Snowboarding in an avalanche

4 Insane Videos of Snowboarding in an Avalanche!

by Fraser

Adrenaline, speed, and fresh powder – that’s what snowboarding is all about. But slashing up huge lines in the backcountry comes with some inherent risks.

Perhaps greatest of all… avalanche!

The raw, untamed beauty of the snow-covered mountains can swiftly turn sour when an avalanche is triggered. Hundreds of tonnes of compressed snow, travelling at ungodly speeds. It’s the stuff of nightmares!

But it doesn’t always end badly. There are occasions where riders manage to ride (or even style) it out safely. Here’s some rare footage of snowboarding in an avalanche. Don’t try this at home!

Travis Rice Surviving A HUGE Avalanche

Rider Outruns A Massive Backcountry Avalanche

Amateur Snowboarder Caught In an Avalanche

Skiing and Snowboarding in an Avalanche Compilation

Key Takeaways

So why am I sharing this with you?

Well, avalanche awareness is always important. Sadly, not all avalanches have the positive outcomes demonstrated above. 

Lesson 1:

Before heading into risky terrain, check the conditions, check your gear and check your ego. If your gut tells you something  ain’t right, stay on the groomers. Living to ride another day is far more important than hitting a potentially risky line or giving into peer pressure. 

Lesson 2:

Before heading into the backcountry, make sure you have the right gear AND the knowledge on how to use it. Get yourself an easy to use avalanche beacon. Practice using it. Practice again. If (god forbid) you ever need to use it, it should be second nature. 

Lesson 3:

Never ride alone! Some of the riders in the footage above seem to have been alone. Luckily, they weren’t fully submerged… otherwise it could have been a very different outcome.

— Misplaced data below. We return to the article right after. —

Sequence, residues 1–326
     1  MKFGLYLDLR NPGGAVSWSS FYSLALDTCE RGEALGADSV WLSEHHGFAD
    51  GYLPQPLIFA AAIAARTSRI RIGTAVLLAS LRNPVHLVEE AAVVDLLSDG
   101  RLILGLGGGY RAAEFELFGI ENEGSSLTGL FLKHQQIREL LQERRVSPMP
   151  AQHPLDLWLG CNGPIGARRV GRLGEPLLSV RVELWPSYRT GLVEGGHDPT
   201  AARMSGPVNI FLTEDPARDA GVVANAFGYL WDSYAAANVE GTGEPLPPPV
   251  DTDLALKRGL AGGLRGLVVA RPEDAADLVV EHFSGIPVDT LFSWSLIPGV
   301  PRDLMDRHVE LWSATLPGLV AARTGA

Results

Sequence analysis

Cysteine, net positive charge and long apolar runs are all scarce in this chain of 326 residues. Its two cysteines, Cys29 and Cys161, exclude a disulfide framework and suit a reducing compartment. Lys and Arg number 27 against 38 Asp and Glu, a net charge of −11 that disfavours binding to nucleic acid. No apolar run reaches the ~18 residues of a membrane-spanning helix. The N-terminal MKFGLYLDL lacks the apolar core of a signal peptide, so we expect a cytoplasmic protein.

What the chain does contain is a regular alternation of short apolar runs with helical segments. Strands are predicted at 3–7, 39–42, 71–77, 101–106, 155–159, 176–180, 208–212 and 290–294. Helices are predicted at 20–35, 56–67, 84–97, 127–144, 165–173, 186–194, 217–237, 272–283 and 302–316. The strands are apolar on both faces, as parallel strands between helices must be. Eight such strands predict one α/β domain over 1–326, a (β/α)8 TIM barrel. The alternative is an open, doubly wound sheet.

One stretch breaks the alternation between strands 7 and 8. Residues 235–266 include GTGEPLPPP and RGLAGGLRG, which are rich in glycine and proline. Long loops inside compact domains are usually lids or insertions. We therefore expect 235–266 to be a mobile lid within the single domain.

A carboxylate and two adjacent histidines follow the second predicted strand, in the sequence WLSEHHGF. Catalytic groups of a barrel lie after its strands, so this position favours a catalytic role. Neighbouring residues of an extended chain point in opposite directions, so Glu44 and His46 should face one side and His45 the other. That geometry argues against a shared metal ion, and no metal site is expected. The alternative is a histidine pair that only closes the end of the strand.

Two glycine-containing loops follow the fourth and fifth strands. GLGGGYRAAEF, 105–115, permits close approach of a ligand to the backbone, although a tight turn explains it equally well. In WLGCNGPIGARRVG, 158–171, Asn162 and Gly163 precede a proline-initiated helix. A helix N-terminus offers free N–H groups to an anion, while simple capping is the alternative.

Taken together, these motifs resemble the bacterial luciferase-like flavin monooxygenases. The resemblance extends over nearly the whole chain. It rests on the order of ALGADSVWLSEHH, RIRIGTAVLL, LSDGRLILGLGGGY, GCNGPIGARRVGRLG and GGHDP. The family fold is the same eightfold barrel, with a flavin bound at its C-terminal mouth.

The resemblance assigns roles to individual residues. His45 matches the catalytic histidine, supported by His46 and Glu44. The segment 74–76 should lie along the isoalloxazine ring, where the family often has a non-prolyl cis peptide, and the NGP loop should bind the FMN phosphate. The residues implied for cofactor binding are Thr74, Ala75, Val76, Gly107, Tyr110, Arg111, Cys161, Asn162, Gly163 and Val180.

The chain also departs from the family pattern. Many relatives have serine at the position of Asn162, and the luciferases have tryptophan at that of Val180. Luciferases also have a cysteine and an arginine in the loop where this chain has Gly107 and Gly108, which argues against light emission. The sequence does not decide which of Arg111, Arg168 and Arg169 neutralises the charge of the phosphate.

Lesson 4:

If you are caught in an avalanche, stay on your feet as long as you can. Hit the gas in a diagonal line, aiming for an island of safety (if you have an airbag, pull it). If this isn’t possible, try to stay afloat by swimming with your arms. If you do go under, try to form an air pocket by keeping one arm in front of your face and the other above you. 

Lesson 5:

Prevention is always the best management. Learn to read the conditions and the mountain. Understand slope gradient and how it relates to avalanche risk. Learn about avalanche beacons. Take an avalanche safety course. Read this article

Conclusion

Avalanches are scary! 

Snowboarders have no business riding in the backcountry without proper education and proper gear. Even with those, there are no guarantees when it comes to nature.

Aside from that, I hope you enjoyed the footage… sorry for the rant that followed. I just want you guys to be safe!

Happy riding!

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